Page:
I recently listened to a Ted Talk by Brené Brown on the power of vulnerability. In her marvelous presentation, she said something that struck me.
People who have whole-hearted, vulnerable, intimate, connected, and close relationships only have one thing that separates them from people who don't have these kinds of life-giving relationships: they believe love is possible.
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When you hear this, maybe you're thinking, “Shana, I used to believe it was possible. I used to think it was possible to have a great relationship and to have the kind of love I've always dreamed of, but I've lost hope.”
I get it. It can be difficult to hold onto hope as you age. That said, here’s something important to consider: What if you did think it was possible? How would it affect how you behave?
One way believing in love affects some women is that instead of running away from relationship problems or immediately cutting off men when things don’t go how they would like, they “press into” the relationship problem because they believe love is possible. They believe relational problems can be solved.
For many women, when a man does something they do--or don’t--like, rather than press into the problem and ask for what they want, they end the relationship and walk away. They assume a man wouldn’t care to meet their needs.
But this never helps because all relationships are like Legos.
I work with many women who always feel their desires are denied. So, they feel as if they won’t ever get what they want. Therefore, they naturally believe if they speak up and ask for what they need in a relationship that the man they are seeing will say no. Sometimes it's easier to think, “Well, I'm not even going to ask because asking and being denied is just too much to handle.” It feels like rejection. So, rather than try to work it out, they believe, “This relationship isn’t right for me.” This can be problematic because relationships are like Legos. And, the courageous people Brené Brown talks about, who understand that love is possible, understand that relationships don't come assembled out of the box. Like Legos, you have to put them together.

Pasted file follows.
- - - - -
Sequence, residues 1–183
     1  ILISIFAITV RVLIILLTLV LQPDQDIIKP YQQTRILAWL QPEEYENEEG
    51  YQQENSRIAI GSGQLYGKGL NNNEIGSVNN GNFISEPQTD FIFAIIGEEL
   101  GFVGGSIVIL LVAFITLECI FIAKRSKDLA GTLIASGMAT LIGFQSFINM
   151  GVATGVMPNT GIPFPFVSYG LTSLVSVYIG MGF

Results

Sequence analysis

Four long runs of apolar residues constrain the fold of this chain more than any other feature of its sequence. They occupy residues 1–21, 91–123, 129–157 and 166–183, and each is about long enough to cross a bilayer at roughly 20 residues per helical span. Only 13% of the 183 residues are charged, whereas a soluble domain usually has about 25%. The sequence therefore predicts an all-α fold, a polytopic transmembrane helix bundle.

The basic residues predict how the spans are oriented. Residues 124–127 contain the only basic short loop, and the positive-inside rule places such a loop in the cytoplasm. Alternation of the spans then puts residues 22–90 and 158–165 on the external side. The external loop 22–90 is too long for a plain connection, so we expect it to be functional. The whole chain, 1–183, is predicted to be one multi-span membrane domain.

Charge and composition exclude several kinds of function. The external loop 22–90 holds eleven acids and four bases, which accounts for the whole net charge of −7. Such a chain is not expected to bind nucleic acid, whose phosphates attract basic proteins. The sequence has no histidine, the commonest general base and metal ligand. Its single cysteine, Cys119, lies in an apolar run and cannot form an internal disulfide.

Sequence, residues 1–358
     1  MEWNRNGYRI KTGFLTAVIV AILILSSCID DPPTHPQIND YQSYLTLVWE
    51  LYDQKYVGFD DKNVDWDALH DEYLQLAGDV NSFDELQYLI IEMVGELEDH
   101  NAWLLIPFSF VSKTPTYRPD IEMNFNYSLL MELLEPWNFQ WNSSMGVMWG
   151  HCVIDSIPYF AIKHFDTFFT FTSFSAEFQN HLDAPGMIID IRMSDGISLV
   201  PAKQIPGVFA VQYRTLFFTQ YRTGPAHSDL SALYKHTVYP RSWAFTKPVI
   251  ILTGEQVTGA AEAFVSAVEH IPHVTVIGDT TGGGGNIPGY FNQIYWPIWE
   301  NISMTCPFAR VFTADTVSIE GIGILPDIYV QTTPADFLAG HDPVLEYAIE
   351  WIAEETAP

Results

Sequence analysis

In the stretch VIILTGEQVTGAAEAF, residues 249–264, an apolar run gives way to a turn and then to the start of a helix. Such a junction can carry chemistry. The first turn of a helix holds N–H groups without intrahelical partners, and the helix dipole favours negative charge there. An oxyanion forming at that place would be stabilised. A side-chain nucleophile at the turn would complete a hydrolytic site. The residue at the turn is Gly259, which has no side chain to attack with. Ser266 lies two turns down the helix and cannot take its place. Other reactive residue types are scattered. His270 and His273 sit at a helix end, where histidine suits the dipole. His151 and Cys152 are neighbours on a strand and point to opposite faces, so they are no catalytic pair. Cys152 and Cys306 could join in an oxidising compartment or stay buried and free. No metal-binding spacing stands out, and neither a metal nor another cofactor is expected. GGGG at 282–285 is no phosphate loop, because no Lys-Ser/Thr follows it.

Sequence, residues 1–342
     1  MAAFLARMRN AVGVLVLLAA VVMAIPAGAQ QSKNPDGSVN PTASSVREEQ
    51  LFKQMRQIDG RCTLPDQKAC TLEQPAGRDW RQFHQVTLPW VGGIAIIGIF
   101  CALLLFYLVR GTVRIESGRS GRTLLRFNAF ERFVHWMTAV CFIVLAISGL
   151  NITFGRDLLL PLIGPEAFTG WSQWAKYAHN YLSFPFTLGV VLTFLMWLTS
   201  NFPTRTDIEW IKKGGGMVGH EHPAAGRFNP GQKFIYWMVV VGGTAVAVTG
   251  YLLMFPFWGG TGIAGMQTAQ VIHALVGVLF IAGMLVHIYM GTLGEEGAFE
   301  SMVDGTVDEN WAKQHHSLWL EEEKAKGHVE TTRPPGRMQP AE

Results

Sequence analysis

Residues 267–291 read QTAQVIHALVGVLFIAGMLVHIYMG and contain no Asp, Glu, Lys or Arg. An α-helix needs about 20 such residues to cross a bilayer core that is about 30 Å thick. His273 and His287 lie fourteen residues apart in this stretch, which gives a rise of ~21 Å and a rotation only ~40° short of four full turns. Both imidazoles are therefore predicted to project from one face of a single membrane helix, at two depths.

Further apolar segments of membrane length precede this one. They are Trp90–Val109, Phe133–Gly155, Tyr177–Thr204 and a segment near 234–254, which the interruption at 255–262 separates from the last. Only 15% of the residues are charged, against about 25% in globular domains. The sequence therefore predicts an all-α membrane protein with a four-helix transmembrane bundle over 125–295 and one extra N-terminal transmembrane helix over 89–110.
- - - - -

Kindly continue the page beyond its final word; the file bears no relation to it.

Relationships always require negotiation now and then. So, if a woman believes that love is impossible, it could cause her to walk away from a relationship that could be good, rather than work things out when things aren’t perfect. I’m not talking about ignoring red flags or staying with a guy who is manipulative, abusive, wants to use you, or is narcissistic. That’s the kind of guy you do want to walk away from. I'm talking about communicating with a guy who is generally a good man, and with whom you will occasionally have some misunderstandings, as all couples do. Remember relationships are like Legos and you want to “press in,” to work out problems rather than pull away, shut down and think, “Oh, I should just dump this guy.”
I recently coached a woman who’s been communicating with a guy on a regular basis. They've been talking over text and Zoom but over time, she started to feel as if this guy wasn't meeting her needs.
Her love language is Words of Affirmation, so when he wasn’t responding to her texts the way she needed, she felt he didn’t care. What did she decide to do? She decided to call it quits. In her mind, it just wasn’t going to work out. She was just going to drop him without discussing the problem with him.
I talked with her a bit and let her know that regardless if the relationship works out or not, this was her opportunity for a closer relationship to develop.
“If something does work out, that's great, but he may not even know that he's not meeting your needs or that he's not doing what you want ,” I said. She ultimately decided she needed to press into the problem and communicate her needs to him instead of just dumping him without giving him a chance to talk it out